Gwinnett County gets temporary OK to collect taxes

Rates will cost county about $6 million in lost revenue

A Superior Court judge signed an order Thursday granting Gwinnett County a temporary collection order for 2009 taxes.

Superior Court Judge R. Timothy Hamil granted the request after a week of legal wrangling between the county and its municipalities to hash out a temporary tax levy.

The order permits the county to use the 2008 millage rate of 10.97 and the 2009 tax digest for all residents. In addition, the order allows the school system to use the already adopted millage rate of 20.55, and it grants the county authority to collect taxes from the cities of Grayson, Lawrenceville and Sugar Hill.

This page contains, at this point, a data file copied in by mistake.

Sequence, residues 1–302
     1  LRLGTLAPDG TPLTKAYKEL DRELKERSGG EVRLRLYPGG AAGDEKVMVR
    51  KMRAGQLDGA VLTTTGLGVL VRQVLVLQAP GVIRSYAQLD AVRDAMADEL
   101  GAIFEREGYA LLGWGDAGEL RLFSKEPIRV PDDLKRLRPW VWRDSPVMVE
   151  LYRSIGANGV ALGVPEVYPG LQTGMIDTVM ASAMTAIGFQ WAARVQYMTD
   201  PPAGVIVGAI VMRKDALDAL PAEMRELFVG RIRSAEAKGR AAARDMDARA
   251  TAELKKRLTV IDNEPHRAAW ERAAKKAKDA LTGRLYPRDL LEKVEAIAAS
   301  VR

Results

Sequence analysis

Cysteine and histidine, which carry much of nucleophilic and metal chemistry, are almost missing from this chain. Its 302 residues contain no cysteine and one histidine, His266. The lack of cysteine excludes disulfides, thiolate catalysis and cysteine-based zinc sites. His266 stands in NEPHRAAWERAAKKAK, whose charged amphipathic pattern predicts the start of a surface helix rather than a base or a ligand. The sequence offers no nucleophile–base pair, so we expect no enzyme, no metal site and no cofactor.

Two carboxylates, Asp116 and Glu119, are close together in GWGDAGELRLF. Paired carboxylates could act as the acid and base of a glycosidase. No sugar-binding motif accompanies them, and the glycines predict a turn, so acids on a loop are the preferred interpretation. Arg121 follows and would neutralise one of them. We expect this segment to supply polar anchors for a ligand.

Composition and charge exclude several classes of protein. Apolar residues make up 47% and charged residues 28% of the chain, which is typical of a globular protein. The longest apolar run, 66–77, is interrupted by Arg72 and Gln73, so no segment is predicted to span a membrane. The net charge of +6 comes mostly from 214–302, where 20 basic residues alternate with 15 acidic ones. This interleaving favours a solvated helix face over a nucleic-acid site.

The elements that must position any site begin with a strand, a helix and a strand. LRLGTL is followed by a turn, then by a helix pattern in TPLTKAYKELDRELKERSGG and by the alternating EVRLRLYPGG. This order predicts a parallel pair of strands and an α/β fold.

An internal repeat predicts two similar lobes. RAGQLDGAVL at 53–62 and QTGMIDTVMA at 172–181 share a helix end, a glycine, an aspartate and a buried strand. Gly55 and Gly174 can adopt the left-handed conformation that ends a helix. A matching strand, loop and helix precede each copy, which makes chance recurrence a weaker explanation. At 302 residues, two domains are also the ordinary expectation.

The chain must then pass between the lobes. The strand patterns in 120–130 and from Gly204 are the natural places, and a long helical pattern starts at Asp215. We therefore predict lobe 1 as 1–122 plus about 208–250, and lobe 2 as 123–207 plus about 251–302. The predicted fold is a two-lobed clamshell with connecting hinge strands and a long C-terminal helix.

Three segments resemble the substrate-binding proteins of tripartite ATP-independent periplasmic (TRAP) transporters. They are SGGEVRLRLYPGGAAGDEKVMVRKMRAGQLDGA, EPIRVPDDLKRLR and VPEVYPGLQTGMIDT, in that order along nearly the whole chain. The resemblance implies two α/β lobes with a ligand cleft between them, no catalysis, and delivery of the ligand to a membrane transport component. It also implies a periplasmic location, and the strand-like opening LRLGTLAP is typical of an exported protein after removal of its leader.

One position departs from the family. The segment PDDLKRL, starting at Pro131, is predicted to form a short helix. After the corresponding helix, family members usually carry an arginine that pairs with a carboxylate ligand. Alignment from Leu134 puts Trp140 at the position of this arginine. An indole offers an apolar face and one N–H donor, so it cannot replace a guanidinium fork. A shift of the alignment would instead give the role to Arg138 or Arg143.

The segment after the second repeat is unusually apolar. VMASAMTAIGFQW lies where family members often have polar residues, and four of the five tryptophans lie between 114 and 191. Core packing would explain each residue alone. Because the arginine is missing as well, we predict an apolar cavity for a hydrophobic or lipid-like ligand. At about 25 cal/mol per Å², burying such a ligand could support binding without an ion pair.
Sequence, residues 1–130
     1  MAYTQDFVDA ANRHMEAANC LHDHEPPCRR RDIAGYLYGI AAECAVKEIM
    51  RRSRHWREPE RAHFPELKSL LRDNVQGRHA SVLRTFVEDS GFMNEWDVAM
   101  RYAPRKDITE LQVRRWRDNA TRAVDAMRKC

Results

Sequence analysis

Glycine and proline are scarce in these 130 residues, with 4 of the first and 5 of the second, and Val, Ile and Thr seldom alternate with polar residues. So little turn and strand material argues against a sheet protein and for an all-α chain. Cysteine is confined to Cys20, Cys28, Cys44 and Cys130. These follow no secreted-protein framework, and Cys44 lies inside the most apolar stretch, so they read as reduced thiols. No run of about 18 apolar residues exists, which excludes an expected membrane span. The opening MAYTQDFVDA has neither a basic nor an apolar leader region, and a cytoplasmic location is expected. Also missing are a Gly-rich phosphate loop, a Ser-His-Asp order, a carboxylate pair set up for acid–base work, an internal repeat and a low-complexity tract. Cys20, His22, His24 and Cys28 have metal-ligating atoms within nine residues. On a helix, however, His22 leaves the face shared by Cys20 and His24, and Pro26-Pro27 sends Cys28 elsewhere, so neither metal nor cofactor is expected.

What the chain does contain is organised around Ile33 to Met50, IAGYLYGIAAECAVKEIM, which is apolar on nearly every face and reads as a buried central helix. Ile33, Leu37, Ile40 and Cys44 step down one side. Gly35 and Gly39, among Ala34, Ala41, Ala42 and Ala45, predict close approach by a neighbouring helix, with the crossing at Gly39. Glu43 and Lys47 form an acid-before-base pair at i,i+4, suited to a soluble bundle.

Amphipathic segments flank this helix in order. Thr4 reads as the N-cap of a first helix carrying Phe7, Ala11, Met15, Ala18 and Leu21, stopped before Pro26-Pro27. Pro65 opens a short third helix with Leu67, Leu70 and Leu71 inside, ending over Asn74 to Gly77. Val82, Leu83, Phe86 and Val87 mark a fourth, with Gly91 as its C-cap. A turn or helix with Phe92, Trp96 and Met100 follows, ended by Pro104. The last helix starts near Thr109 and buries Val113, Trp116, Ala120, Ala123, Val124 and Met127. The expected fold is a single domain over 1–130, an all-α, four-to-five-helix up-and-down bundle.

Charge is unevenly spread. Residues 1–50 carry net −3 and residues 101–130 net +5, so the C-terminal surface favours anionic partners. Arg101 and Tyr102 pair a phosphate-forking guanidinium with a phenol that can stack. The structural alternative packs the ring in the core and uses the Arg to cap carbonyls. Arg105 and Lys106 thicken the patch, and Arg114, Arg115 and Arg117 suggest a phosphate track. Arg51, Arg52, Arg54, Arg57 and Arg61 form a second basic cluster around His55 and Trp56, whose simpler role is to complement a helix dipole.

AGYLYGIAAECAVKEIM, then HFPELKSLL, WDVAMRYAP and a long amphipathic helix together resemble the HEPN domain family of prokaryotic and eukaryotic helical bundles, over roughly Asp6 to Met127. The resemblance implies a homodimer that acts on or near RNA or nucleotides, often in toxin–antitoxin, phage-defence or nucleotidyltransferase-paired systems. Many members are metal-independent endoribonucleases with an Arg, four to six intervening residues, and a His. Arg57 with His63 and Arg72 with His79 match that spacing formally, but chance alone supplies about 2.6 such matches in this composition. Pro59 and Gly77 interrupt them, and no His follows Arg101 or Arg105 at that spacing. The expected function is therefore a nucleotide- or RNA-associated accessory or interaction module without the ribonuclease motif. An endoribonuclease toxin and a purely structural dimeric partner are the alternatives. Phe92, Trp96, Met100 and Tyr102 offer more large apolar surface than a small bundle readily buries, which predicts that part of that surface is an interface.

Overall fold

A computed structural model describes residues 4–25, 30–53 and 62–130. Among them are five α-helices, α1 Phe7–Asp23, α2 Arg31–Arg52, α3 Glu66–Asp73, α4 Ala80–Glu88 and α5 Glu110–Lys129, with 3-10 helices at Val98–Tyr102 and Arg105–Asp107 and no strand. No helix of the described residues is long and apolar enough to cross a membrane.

Because property values have fallen in the past year, county and city officials had originally settled for a temporary mill rate of 11.18 to generate the same revenue as in 2008. But the judge announced Wednesday that the rate should remain at the 2008 level and be applied to the 2009 tax digest.

The lower rate means the county could collect about $6 million less in revenues than if the higher rate had been approved. County Commission Chairman Charles Bannister said if a settlement isn’t worked out for a permanent mill levy to make up the difference, more budget cuts could come.

The county needed the special order to issue tax notices because it has not formally established a mill levy. That action is tied up until the county resolves a service dispute with its 15 cities.

County tax notices usually are mailed out by mid-July, and the delay has left many local governments in a bind, awaiting revenues.